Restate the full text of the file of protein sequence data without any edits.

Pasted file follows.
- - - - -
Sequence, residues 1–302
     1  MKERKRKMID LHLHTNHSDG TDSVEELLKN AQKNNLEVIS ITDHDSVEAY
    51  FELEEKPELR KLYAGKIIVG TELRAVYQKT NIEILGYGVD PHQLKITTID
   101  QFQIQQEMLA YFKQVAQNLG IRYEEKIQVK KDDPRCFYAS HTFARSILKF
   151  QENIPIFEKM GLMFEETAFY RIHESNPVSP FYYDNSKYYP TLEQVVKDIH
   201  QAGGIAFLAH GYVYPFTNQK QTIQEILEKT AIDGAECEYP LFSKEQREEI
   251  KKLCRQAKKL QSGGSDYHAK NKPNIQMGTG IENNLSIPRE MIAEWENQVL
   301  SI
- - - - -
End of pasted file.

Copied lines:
Sequence, residues 1–302
     1  MKERKRKMID LHLHTNHSDG TDSVEELLKN AQKNNLEVIS ITDHDSVEAY
    51  FELEEKPELR KLYAGKIIVG TELRAVYQKT NIEILGYGVD PHQLKITTID
   101  QFQIQQEMLA YFKQVAQNLG IRYEEKIQVK KDDPRCFYAS HTFARSILKF
   151  QENIPIFEKM GLMFEETAFY RIHESNPVSP FYYDNSKYYP TLEQVVKDIH
   201  QAGGIAFLAH GYVYPFTNQK QTIQEILEKT AIDGAECEYP LFSKEQREEI
   251  KKLCRQAKKL QSGGSDYHAK NKPNIQMGTG IENNLSIPRE MIAEWENQVL
   301  SI